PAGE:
Platelet-Rich Plasma - PRP
Hair restoration technique
Platelet-rich plasma has been used for years now to heal wounds in a variety of medical fields and Dr. Bisanga believes it may have significant benefits in hair transplantation, including healing in donor and recipient areas as well as improving post-op skin and hair physiology.
The approximate consistency of platelets in one cubic cm of blood is 250,000 and when concentrated with PRP it can increase to 1,000,000 – four times the normal concentration. Platelets are parts of the blood that contain the “healing” tools that are released when a wound is opened.
The concentrated nature of PRP and the fact it can be applied to isolated areas means that the platelets can react faster to improve coagulation, reduce bleeding, prevent fibrosis and hinder collagen production, resulting not only in accelerated rate of healing, but also improved skin tissue recovery which reduces scarring.
Platelets are also rich in proteins and may aid healing in both recipient placement sites for new grafts as well as in donor areas for either punch scarring (FUE surgery) or linear scars (strip surgery).
Protein growth factors should accelerate healing, in turn stimulating the formation of vessels and helping follicles to bond more quickly with the site, tissues and the cardiovascular system.
These proteins induce fibrosis and thus enhance the conversion of fibrinogen into fibrin (albeit to a lesser extent than naturally occurs). This can translate into a scar of visibly less size, improved laxity, less separation and angle change between follicular units, reduced miniaturisation and less collagen production between the fatty tissue and dermis layer.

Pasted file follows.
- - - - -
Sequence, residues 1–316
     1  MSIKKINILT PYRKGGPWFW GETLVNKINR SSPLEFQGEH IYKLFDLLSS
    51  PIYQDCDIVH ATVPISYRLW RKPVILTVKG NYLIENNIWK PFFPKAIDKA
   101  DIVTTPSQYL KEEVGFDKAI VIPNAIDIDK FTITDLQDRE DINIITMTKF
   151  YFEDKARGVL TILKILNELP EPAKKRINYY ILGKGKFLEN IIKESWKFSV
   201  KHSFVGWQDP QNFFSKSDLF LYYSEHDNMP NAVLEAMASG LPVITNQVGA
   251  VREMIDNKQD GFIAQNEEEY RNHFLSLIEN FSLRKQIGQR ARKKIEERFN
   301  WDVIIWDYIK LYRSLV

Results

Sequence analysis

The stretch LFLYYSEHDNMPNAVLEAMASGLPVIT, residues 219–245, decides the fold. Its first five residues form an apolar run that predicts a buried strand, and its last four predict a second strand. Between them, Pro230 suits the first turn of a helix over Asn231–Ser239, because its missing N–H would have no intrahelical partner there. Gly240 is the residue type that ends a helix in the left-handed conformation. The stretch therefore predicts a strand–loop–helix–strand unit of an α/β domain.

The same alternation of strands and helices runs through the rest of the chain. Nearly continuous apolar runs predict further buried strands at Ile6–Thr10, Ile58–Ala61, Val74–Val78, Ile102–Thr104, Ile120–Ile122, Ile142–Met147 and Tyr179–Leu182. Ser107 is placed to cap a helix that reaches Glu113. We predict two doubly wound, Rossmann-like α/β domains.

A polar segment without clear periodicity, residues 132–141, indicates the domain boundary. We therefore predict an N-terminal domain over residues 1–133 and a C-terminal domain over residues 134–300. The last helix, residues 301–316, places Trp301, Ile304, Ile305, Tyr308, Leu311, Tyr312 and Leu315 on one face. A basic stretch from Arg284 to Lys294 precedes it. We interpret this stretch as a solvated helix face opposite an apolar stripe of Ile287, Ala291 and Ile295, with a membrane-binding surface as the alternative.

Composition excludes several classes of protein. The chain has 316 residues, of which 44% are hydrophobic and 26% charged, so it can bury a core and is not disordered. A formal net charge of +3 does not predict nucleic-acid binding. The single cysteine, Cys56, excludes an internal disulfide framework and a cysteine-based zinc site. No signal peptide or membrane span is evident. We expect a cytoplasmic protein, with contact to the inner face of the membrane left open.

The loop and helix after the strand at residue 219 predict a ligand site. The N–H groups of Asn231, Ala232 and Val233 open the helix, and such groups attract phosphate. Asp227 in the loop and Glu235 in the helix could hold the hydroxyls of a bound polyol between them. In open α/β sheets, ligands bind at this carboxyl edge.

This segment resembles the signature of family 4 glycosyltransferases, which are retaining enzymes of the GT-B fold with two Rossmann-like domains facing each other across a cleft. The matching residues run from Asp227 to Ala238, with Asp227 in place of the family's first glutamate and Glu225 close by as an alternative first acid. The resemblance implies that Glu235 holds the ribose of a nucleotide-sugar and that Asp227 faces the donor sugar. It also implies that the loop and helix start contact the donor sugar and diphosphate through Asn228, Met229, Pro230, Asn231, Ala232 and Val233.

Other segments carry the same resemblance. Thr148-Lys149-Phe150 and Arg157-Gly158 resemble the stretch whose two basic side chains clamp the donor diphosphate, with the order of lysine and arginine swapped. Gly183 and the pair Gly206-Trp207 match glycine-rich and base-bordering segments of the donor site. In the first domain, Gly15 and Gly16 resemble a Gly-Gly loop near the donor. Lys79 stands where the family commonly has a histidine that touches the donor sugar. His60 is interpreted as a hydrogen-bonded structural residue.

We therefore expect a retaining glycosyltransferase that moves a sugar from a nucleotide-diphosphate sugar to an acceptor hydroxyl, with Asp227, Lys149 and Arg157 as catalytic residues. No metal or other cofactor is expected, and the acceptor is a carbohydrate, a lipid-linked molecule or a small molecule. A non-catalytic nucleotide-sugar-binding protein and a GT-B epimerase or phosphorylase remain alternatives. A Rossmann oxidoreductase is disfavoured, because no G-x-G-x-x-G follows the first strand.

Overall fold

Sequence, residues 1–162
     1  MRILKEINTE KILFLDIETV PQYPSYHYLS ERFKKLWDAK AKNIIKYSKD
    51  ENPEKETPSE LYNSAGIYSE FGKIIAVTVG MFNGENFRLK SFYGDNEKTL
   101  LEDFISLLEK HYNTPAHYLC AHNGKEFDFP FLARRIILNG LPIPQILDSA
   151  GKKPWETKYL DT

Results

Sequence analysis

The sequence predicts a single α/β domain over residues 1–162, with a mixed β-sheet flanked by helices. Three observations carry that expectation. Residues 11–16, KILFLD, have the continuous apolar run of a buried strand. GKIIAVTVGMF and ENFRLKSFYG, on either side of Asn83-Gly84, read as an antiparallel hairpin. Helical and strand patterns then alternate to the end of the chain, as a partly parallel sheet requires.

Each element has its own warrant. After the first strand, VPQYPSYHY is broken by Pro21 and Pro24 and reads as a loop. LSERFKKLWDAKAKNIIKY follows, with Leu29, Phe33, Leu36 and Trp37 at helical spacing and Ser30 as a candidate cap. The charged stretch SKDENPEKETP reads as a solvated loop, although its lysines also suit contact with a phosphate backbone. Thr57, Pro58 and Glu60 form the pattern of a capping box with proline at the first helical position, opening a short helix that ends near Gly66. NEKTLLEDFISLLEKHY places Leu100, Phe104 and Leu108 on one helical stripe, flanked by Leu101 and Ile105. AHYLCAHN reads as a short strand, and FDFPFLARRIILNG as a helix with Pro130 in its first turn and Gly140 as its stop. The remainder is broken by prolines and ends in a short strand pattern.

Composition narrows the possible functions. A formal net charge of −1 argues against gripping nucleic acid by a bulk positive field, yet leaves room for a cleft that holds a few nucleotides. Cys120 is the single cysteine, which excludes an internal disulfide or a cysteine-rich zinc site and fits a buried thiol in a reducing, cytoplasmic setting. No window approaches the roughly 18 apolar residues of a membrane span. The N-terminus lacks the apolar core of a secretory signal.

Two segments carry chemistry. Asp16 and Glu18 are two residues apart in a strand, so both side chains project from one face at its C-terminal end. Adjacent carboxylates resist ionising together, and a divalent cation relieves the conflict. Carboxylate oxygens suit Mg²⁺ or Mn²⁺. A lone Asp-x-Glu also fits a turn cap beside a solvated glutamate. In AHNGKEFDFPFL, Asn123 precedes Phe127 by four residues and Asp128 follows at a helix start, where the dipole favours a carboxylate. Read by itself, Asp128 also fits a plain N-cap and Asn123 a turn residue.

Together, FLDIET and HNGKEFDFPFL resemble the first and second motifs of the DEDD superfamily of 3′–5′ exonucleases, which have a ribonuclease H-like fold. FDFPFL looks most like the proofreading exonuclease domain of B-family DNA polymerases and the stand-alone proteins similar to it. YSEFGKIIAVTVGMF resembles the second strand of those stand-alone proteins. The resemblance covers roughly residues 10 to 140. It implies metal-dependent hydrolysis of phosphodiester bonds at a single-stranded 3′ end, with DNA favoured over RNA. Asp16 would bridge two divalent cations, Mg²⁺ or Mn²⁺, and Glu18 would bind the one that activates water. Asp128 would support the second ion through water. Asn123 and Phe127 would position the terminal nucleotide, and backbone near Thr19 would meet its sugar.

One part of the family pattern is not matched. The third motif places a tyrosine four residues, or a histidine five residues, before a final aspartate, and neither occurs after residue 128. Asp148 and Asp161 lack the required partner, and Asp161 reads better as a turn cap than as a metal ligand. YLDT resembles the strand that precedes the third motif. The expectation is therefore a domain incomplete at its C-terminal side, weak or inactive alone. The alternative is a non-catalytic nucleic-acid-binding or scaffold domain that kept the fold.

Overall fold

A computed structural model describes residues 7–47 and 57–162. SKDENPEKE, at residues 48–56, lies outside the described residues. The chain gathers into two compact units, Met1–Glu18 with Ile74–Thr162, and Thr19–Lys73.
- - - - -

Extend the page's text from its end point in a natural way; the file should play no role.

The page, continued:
The process of PRP isolates the platelets from the blood, meaning a sample must be taken from the patient. The blood is then “spun” (in a centrifuge) at specific speeds to separate the plasma further, leaving the poor and rich plasma. The two important factors here are PDGF & TGF-β, platelet-derived growth factors that stimulate the replication of important stem cells for fibroblasts and endothelial cells (related to “budding” on new capillaries); stimulate the production of fibronectin, a cell adhesion molecule; and help contract and remodel wounds. TGF stimulates fibroblasts chemotaxis and the production of collagen while inhibiting collagen degradation by decreasing proteases and increasing protease inhibitors, all of which favour fibrogenesis.
Each of these factors is able to induce a unique response in improving the healing process. PDGF accelerates wound closure markedly by augmenting connective tissue matrix deposition and TGF-β stimulates new collagen deposition and maturation into larger bundles on the leading edge of the wound.
The likely effect of this is that it bypasses part of the inflammatory phase of healing. Testing is already underway on a variety of wound types and a small initial test of punch donor healing on an FUE donor showed noticeable signs of faster healing.
Dr Bisanga would like to introduce protocols that will yield the best result for patients. This will take time to test scar closure techniques, overall healing and other treatment options, yet Dr Bisanga feels that the medical benefits of the application in hair transplantation may be of significance.
Beyond just faster and improved healing; they may also affect the basics of donor management and possibly placement within miniaturised hair, to name just two possibilities.
Donor healing properties can improve future procedures by extending the number of hairs that can be extracted, decreasing miniaturisation and improving laxity.